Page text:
The CDC has worked with state and local health officials to implement an active monitoring program for travelers returning from affected countries in West Africa. Each traveler, on entry to the U.S., is provided with a CARE (Check and Report Ebola) kit including a thermometer, temperature log, contact information with the State health department, and wallet card with important information. Since inception of the program, more than 3,000 travelers have been monitored more than 30,000 times by state or local health departments to check daily for fever or other symptoms. In each case since implementation of the program, travelers who have experienced fever or other Ebola compatible symptoms have been connected with the health department through this process and safely transported to a facility that was ready to care for them using appropriate infection control.
In addition to designated hospitals to treat Ebola patients, CDC has been working with state and local public health officials to identify Ebola assessment hospitals. Assessment hospitals are hospitals identified by state health officials, in collaboration with local health authorities and the hospital administration, as the point of referral for those individuals being actively monitored and who develop symptoms compatible with Ebola such as fever.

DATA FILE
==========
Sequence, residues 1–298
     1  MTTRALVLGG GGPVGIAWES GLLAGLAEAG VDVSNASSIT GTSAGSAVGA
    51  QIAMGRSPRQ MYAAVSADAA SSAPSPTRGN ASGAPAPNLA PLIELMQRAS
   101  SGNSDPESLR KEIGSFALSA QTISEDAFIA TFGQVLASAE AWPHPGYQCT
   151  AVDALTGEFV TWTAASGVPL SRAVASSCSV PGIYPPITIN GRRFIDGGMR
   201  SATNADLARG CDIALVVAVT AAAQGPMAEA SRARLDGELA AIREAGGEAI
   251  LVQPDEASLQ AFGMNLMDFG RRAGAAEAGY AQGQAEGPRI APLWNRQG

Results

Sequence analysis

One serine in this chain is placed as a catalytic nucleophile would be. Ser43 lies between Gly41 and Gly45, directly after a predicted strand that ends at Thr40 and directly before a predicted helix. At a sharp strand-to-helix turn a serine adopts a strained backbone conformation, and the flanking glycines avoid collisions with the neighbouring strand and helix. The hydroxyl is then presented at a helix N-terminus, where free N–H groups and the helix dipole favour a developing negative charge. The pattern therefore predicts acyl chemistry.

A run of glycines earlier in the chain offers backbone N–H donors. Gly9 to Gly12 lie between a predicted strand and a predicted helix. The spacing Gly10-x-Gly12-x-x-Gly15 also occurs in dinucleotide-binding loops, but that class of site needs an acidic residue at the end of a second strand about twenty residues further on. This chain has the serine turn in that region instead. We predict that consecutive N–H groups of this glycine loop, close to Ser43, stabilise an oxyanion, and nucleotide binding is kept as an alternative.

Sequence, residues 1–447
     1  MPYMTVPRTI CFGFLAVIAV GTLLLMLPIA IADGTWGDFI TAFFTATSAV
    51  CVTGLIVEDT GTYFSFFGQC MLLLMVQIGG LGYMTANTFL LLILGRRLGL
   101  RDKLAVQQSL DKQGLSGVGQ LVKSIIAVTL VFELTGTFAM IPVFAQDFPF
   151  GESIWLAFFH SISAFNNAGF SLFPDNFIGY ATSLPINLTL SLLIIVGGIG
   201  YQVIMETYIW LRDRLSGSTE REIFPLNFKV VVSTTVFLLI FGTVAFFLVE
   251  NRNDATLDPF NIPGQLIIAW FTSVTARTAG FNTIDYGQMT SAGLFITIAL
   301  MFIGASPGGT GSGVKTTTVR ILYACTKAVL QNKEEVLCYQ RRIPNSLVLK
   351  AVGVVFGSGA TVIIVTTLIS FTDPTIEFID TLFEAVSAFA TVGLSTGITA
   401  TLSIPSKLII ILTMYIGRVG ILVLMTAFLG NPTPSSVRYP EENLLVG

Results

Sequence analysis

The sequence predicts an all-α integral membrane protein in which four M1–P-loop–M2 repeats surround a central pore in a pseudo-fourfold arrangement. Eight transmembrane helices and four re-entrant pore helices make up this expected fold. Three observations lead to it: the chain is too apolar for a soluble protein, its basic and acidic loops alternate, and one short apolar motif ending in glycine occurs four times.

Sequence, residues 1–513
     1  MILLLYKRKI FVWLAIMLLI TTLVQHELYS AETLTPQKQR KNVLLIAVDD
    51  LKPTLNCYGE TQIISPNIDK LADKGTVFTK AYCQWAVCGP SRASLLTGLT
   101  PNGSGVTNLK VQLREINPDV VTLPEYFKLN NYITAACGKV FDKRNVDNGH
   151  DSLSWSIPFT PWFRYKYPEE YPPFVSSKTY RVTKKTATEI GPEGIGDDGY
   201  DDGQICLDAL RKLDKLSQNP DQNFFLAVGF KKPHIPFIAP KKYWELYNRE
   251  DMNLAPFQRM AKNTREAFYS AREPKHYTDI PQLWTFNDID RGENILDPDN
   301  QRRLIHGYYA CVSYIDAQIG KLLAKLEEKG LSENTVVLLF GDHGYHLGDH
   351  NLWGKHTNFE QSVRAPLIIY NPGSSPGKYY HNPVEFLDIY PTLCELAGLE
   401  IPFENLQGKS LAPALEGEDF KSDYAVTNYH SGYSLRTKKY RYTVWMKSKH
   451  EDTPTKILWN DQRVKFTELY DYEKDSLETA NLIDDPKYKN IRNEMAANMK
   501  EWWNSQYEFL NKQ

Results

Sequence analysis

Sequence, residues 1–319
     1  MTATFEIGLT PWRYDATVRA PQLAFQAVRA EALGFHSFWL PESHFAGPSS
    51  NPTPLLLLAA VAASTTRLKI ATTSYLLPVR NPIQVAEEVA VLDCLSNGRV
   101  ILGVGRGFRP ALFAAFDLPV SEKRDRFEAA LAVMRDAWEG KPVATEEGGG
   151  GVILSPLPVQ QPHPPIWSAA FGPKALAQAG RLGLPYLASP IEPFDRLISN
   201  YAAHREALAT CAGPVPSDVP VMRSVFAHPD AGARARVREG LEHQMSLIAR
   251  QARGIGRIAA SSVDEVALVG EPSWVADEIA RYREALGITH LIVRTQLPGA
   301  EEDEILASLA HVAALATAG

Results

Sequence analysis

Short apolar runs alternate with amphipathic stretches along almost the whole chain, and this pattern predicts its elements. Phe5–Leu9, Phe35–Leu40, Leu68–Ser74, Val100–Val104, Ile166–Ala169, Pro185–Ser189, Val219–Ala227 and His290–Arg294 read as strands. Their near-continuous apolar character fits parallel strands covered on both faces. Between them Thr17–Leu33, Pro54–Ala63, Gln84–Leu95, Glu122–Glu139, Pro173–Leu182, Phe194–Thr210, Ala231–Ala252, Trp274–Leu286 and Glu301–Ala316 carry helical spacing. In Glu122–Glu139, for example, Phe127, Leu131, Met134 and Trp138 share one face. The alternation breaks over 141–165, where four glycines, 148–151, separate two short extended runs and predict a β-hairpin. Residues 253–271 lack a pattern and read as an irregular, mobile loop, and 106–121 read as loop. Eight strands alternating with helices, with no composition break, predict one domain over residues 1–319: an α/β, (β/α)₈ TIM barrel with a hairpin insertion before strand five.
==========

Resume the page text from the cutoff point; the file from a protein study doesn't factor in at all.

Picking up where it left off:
These hospitals have the capability to: evaluate and care for someone who is having the first symptoms of Ebola for up to 96 hours; initiate and coordinate testing for Ebola and for other diseases alternative diagnoses; and either rule out Ebola or transfer the individual to an Ebola treatment center, as needed.
An assessment hospital would only care for a patient who might have Ebola during the time before a confirmed diagnosis is made until it then transfers the patient to an Ebola treatment center.
While no states had such plans in September, 15 states that have the majority of the travelers now have plans in place to evaluate persons under investigation and for providing care for up to 96 hours while testing can be arranged. CDC also released guidance for states and hospitals to use as they identify Ebola assessment hospitals.
The designated hospitals add to U.S. Ebola readiness efforts. However, all healthcare workers at hospitals and other healthcare facilities should be trained and able to recognize symptoms, safely isolate a potential Ebola patient, and contact public health authorities for guidance on next steps for safely managing the patient. Since July, HHS, with leadership from CDC, has conducted and continue to conduct extensive outreach to the health care community, including hospitals, clinicians, healthcare unions, and medical and nursing provider associations.
CDC has educated nearly 150,000 healthcare workers via webinars, and trained more than 525,000 via online clinical resources, to assure that healthcare workers are trained and able to recognize and safely isolate a potential Ebola patient in the unlikely event that such a patient presents unexpectedly. CDC continues to conduct infection control training.
In addition, CDC Ebola Response Teams (CERT), made up of experts in epidemiology, infection control, laboratory, and communications stand ready to deploy to any hospital in the United States with probable Ebola cases.
CDC is now supporting 42 state and local laboratories throughout the county to perform rapid Ebola testing. Four months ago only CDC and the U.S. Armed Forces laboratory could test for Ebola. These additional laboratories capable of diagnosing Ebola cut the time needed to rule out a person for Ebola or confirm a case and speed the patient’s transport and treatment in a specialized Ebola treatment center.